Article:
Determine the utility of standardized terminology and nomenclature in nursing informatics
Derived from your healthcare experience, determine the utility of standardized terminology and
nomenclature in nursing informatics from an advanced nursing practice perspective
Part of managing technological change, as defined by Lorenzi and Riley (2010), is understanding
unique aspects of nursing informatics and its application to the healthcare environment. Similarly,
a function of expert nursing practice is a commitment to change that is evidenced across nursing
specialties and practice environments (Morrison &Symes, 2011). It is important for the DNP-prepared
nurse to become familiar with nursing informatics language, because it will be increasingly used in
future advanced nursing practice. The DNP-prepared nurse will benefit from establishing a
relationship with an informatics nurse specialist who serves in one of the many roles emerging in
this new and dynamic specialty. However, the DNP-prepared nurse must first become acquainted with
some unique principles to nursing informatics.
Take a moment to reflect on a nursing language used in your advanced nursing practice or in the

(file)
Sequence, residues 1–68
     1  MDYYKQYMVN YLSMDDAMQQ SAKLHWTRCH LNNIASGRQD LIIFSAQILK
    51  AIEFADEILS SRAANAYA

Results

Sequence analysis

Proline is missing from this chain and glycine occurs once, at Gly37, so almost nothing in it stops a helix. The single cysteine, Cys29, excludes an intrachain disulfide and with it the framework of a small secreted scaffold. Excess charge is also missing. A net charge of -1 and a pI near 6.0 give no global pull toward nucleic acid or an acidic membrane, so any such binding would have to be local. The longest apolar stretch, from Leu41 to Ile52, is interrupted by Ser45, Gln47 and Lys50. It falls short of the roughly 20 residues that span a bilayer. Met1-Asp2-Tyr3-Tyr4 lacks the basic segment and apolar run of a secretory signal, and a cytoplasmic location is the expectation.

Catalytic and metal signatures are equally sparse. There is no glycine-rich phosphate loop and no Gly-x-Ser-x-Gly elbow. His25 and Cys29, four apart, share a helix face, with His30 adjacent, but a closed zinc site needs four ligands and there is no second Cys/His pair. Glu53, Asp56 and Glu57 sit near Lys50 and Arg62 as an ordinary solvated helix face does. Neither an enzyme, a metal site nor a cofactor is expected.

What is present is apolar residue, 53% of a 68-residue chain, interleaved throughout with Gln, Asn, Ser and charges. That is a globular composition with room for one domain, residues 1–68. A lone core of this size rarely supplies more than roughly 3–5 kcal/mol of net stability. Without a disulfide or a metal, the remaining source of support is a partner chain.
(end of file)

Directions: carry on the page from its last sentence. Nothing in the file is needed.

practice of other DNP-prepared nurses. Is the language recognized and/or shared by nurses beyond
your practice environment? If not, has interprofessional collaboration or communication suffered?
Nursing Informatics Nomenclature
A systematic approach to naming is known as a nomenclature. Such terms are typically elaborated
according to a preestablished set of rules. Examples of nursing nomenclatures that are important to
the advanced nursing practice role include SNO-MED and ICNP© (Coenen& Kim, 2010).
Nursing Informatics Taxonomy
Advanced nursing practice has also identified a need to provide leadership in the design of
national or large patient care datasets and related standardized languages for use in such systems
as the electronic health record (Fetter, 2009a, 2009b). At the level of the DNP-prepared nurse, an
understanding and an ability to exercise the distinct criteria for such languages are consistent
with the move of our current advanced nursing practice environment toward the unique terms in
language systems that will contribute to multipurpose data and information. Informatics nurse
specialists have further documented standardized nursing-language contributions in realizing the
goals of a reference terminology of unique terms through the development of information systems
that are capable of increased interprofessional collaboration between healthcare administration,
information scientists, and providers of care.
Such examples include the following.
1. NANDA: North American Nursing Diagnosis Association
2. NMDS: Nursing Minimum Data Set
3. NIC and NOC: Nursing Interventions Classification (NIC) and Nursing Outcomes Classification
4. HHCC: Home Healthcare Classification
5. OMAHA system
6. PCDS: Patient Care Data Set
Nursing Research: A Tool for Action
NANDA Anecdotal ExemplarNMDS Anecdotal Exemplar NIC/NOC Anecdotal ExemplarHHCC and OMAHA System
Anecdotal ExemplarsPCDS Anecdotal Exemplar
Review the following interactive activities to learn more about the examples listed above.